Some Christians get messed up on this point. They decide that a preacher or teacher, or someone claiming to be a prophet, is the “man of God”, and they stop “checking” him. They give him dominion over their faith. If “X” said it, it must be true — whoever “X” is. God spoke to X, so we must do what X says. They place their faith in that person, rather than standing by faith in God. It leads to all kinds of problems in the church, and often in their personal lives as well. No one is in God’s place. There is no reason for us to trust any person, when we can “check” them. If what they say isn’t “checkable”, if they can’t show me in God’s Word, why should I put them in dominion over my faith, or my life? I’m trusting X rather than God, and I’m not standing by faith anymore.
So the answer is no, we don’t “speak for God”. However, words are funny things. The word “for” has multiple meanings. Someone could say “I speak for God” meaning “I’m speaking in favour of God,” or “I’m speaking to defend God against people who criticise Him,” etc. I’ve heard Christians say those things, and there is nothing wrong with it.
Sometimes, Christians will even say it, meaning, “I’m speaking what God has said.” There is nothing wrong with that, either, though to prevent misunderstandings it would probably be wiser to say it differently. If we say it with that meaning, though, we need to realise — it is incumbent on us to prove God said it. No one should believe ME, of all people. I’m just a guy on some blog, or to the people in our church, just a guy who stands up behind a pulpit and talks. So what? They’d better be able to see that I’m telling the truth when I say that God said something — it had better be in the Bible. They shouldn’t have to trust someone like me, because I have a deep, dark secret — I make mistakes. Don’t tell anyone, or before you know it, it will be all over the Internet.
What we cannot ever do is “speak for God” in the sense of speaking “in the place of God”. “For” can have that meaning, too, and that is often the sense in which those who aren’t Christians ask the question. If God is silent on a topic, we have no right to speak as if He has spoken. Though few Christians would explicitly say they are “speaking for God” in this sense, in practice we can drift into speaking in a way that communicates our own importance as an authority, rather than a humility that says, “Please look at what God has said. This isn’t my message, it is His.”
Jesus said, “Ye shall be witnesses unto me” to all the world (Acts 1:8). We are responsible to “speak for God” in the sense of telling what we know of Him. But honest witnesses don’t make their own stuff up; they tell what they have seen, heard, learned, etc. If we are good witnesses, we will not only tell what God has said, but we will tell it in a way that reflects His character. Otherwise, our testimony to Him is wrong. Sadly, sometimes Christians are testifying true words about Christ, but in a way that reveals much more about themselves than it does about Christ.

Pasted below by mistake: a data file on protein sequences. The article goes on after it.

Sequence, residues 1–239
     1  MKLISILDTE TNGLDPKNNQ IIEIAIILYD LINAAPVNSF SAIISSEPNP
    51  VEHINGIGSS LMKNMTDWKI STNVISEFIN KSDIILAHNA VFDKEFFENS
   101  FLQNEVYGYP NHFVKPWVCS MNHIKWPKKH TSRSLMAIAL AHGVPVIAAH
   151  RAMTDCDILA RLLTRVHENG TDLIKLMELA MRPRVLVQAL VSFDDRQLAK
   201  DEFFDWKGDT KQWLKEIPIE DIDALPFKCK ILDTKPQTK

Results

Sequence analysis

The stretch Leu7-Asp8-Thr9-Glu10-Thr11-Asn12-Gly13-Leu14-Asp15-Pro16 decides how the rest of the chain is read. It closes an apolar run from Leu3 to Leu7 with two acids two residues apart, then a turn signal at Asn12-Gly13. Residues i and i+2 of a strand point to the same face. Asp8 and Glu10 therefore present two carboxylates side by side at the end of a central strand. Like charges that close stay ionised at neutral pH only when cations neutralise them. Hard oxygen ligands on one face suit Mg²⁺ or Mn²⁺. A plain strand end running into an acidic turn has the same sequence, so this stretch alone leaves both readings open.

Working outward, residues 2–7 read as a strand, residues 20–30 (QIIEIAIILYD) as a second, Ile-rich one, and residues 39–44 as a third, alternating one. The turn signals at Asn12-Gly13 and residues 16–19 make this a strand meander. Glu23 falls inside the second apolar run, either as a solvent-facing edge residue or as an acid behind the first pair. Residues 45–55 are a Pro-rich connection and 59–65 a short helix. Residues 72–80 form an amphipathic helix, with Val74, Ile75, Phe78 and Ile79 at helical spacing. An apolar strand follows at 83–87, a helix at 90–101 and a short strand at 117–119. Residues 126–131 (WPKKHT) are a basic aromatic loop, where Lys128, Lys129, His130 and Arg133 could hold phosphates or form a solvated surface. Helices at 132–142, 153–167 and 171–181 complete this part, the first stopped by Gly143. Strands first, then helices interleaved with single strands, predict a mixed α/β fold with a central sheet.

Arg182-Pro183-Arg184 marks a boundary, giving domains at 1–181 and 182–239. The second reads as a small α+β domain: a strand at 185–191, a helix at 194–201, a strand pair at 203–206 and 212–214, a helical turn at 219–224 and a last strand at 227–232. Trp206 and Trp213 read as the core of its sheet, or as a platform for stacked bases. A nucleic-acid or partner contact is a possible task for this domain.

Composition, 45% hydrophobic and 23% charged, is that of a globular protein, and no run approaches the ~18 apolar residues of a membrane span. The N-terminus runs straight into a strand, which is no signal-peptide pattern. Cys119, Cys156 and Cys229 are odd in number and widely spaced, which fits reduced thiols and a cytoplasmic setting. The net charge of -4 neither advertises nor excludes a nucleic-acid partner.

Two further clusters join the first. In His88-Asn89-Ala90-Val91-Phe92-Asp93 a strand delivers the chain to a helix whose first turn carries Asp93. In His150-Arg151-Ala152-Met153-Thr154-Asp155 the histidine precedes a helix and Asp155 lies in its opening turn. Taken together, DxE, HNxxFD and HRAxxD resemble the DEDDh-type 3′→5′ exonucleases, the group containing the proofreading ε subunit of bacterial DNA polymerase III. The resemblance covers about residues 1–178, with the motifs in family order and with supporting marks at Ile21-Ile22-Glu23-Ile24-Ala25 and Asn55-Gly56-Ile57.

So to tie this in to the original question, if someone “speaking for God,” in the sense of passing along a message and expecting other people to pay attention, they need to be ready to prove from the Bible that it is God’s message, and they had best be speaking it in the way God wants them to speak it. Otherwise, at best they are lousy ambassadors, and at worst, they are frauds.
In this blog, as in my preaching, I’m not trying to “speak for God”. I’m trying to, firstly, point out (to Christians in particular, but others are more than welcome) what God has said. Second, I need to point it out in a way that others can see it themselves in His Word, so that people know it is God and not me. Third, I want to help people think about how to apply it.
For Christians, this is so our thinking can get more in tune with God’s thinking, and our actions can get more in tune with what pleases Him. For those who are not yet Christians, perhaps it will help them to see better what Christianity really is, and to see better who God really is. He is a God worth knowing, serving, and following, a God of real truth and real love. The more I can help people (Christians or not) see God as He is, the better. If I start to “speak for Him”, I’m putting myself in the way, obscuring the view. Instead of speaking for Him, we should point towards Him and what He has said.